Non-UK citizens have bought almost eight out of ten luxury new-build homes sold in central London in the past two years, a study has found. But is this good for Britain?
According to research by estate agents Savills, Chinese and Hong Kong nationals were the largest buyers by volume, having purchased 39.5 per cent of the capital’s newly built prime residential properties – defined as those priced at more than £1,000 per square foot.
They were followed by British buyers (21.2 per cent), Middle Easterners (18 per cent) and Russian and Eastern European (10.7 per cent).
The report also suggested that this wasn’t bad news for occupancy, as most of those buyers were effectively resident in London, living and working in the city despite being born overseas.
Yolande Barnes, Savills’ director of residential research, told the Financial Times that accusing foreign buyers to be causing a spike in London house prices is ‘verging on the xenophobic’.
‘There’s a lot of money in London, whether it is from UK nationals or foreign nationals, and simply not enough housing,’ she said.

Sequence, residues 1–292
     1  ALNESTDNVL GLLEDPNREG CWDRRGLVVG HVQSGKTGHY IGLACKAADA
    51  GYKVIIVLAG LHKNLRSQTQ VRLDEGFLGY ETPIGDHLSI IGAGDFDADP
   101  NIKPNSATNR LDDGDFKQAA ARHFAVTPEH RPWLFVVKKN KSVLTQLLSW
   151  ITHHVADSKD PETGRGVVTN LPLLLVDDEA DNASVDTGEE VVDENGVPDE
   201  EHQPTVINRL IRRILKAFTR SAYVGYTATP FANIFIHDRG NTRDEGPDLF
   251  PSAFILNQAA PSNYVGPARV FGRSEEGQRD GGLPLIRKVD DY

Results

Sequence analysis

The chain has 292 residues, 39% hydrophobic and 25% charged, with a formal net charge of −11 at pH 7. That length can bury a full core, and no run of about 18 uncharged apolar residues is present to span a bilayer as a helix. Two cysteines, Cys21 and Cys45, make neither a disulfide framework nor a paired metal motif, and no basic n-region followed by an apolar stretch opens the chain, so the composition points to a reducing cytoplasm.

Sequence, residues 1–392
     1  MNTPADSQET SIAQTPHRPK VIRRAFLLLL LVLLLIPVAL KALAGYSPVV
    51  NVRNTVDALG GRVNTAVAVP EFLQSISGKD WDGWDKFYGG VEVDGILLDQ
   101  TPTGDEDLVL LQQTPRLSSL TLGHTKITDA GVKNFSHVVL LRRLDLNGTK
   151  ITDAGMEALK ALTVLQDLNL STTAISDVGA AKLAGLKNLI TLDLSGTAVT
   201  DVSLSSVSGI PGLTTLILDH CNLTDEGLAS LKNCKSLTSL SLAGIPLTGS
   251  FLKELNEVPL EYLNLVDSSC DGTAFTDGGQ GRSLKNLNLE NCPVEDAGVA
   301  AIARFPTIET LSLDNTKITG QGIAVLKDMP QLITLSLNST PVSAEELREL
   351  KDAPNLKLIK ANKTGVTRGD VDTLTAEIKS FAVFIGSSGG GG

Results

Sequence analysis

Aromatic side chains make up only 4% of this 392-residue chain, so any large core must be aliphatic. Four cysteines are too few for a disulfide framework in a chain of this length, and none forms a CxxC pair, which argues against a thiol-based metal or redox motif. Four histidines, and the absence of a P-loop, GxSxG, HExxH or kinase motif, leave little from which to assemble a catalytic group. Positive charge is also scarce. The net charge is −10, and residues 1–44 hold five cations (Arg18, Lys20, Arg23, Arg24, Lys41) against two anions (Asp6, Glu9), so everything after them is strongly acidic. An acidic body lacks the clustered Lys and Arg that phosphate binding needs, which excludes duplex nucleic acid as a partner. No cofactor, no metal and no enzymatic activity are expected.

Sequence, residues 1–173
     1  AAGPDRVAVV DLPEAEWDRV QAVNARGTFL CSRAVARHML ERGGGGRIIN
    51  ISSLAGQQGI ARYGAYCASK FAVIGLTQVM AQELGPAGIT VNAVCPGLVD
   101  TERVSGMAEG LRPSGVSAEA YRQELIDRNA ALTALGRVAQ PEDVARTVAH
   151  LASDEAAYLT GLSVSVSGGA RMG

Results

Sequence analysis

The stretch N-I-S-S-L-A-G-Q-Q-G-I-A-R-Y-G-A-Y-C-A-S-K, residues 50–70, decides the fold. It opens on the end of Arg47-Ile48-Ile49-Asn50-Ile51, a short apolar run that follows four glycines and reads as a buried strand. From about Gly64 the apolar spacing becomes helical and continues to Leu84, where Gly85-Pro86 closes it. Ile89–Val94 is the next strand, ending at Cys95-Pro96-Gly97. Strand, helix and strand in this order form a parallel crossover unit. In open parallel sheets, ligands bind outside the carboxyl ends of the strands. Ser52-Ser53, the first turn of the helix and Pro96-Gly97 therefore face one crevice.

Developers have also said that overseas prime sales have a positive effect on the London residential market, as they ensure they have profits with which they can fund the construction of cheaper houses.
Not everybody agrees. Just last week the Royal Institution of Chartered Surveyors – the professional body for those in the land, property and construction industries – called for the Bank of England to limit house prices increases to 5 per cent a year, ‘in order to prevent another housing bubble, reckless bank lending and a dangerous build up in household debt’.
Of course, London’s ability to attract people from every part of the world is a testament to the fact that it’s a multicultural city and a safe place to live and do business. But England is also in the middle of a housing crisis, with the number of new households increasing faster than the number of houses built. According to housing charity Shelter, the government’s plan to build 150,000 affordable homes over the next four years will cover less than a third of what is actually needed.
So, while prime has never been more popular, non-prime is what the country really lacks – and is what developers need to attack.